Hanging baskets are a staple for spring. Before the earth is warm enough to plant, hanging baskets can be enjoyed and often kickstart the gardening season. Pre-planted hanging baskets are readily available for purchase, or you can build your own by choosing elements that will suit your needs. Whether you’re creating a show for an upcoming holiday or event, or just expressing yourself horticulturally, we’ll take a look at the basics that you’ll need.

Choosing a container:

Choosing the right container for your hanging basket doesn’t have to be a daunting task. Probably the most important element to look for is something with drainage holes or something that you can make drainage holes in. Next, find something that is large enough to accommodate the plant choices you’ve made. You don’t want your plants overcrowded, nor do you want them too spread out. Keep in mind, you will need something deep enough to allow for plenty of soil, and wide enough to allow the roots to spread out.

Look for containers that speak to you and your decorating style. If you’re style reflects rusty finds, then an old rusty bucket could do the trick. If a more formal approach is intended, look for plastic pots that reflect the elegant style you’re after.

Choosing plants:

When choosing plants for your hanging basket, look for those that cascade nicely. Some plants offer long cascades while others are shorter by nature. Choose a variety that will suit your style.

If you’re looking for a casual or romantic display, choose soft colors and whites. Pinks, lavenders, pale yellows and whites are a great combination to take springtime all the way through the summer, while pink and white are a classic romantic style.

Making a bold statement? Try a combination of bright yellows, oranges and reds, throw in a bit of purple and you have a statement! Planted in a brightly colored vessel, this combination will make your hanging baskets pop all season.

For a more dramatic display, choose 3 or more plants of the same variety and color. Look for a bright color that will show itself off such as red, yellow or purple. Choosing long cascading plants will add to the dramatic effect as well.

Choose plants that will withstand the wind and heat and take into consideration what kind of sun exposure is in the area that the basket will be displayed (see below).


Soil is one of the most important aspects of a hanging basket. Your plants will need good drainage and lots of nutrients to thrive throughout the summer. Bagged potting soil comes in a variety of types and offers fresh nutrients for your plants.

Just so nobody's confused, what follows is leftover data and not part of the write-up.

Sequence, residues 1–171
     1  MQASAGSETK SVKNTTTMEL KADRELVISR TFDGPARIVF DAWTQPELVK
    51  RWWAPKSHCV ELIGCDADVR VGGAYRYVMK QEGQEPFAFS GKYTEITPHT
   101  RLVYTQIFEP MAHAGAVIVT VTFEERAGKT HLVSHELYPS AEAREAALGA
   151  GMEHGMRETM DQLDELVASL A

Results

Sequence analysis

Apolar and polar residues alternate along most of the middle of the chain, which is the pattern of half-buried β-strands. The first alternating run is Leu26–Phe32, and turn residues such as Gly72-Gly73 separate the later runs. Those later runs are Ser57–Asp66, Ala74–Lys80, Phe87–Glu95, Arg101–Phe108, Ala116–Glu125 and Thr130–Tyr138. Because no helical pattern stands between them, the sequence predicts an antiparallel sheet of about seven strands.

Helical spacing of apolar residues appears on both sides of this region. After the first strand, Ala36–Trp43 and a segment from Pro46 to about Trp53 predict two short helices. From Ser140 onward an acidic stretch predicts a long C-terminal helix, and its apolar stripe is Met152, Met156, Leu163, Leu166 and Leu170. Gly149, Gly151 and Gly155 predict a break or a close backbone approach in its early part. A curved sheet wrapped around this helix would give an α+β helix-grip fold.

Watering and Care:

Be sure to water your hanging basket often as they will dry out quicker than potted plants due to drainage, air circulation and wind. You can check to see when your basket needs watering by sticking your index finger into the soil about a half of an inch deep. If it feels moist to dry, it’s time to water. If it feels moist to soggy, let it go and check tomorrow. It’s not unusual for hanging baskets to need a drink daily, and as summer heats up, they will most likely need a good watering every day.

Sun Exposure. Here’s a handy guide to sun exposures:

Full Sun-means at least 6 full hours of direct, unfiltered sun per day. Plants that require full sun may enjoy the rays, but be sure to water often during the hot months to keep them cool.

Part Sun/Part Shade-Plants requiring partial sun or partial shade prefer 4-6 hours of morning or early afternoon sun but will not tolerate the intense hot afternoon sun. Planting on the east side of a building or tree will provide relief to these plants.

Dappled/Filtered Sun-is the sun that is filtered through the branches of deciduous trees or structure. Woodland plants prefer this type of sunlight.

Full Shade-is for plants that can only tolerate up to 3 hours of direct sunlight per day. They prefer filtered/or dappled sunlight such as described above. These plants will do well under the protection of a large tree or on a porch. Full Shade may also be referred to as indirect sun, where the plant will benefit from full light, but not direct sun.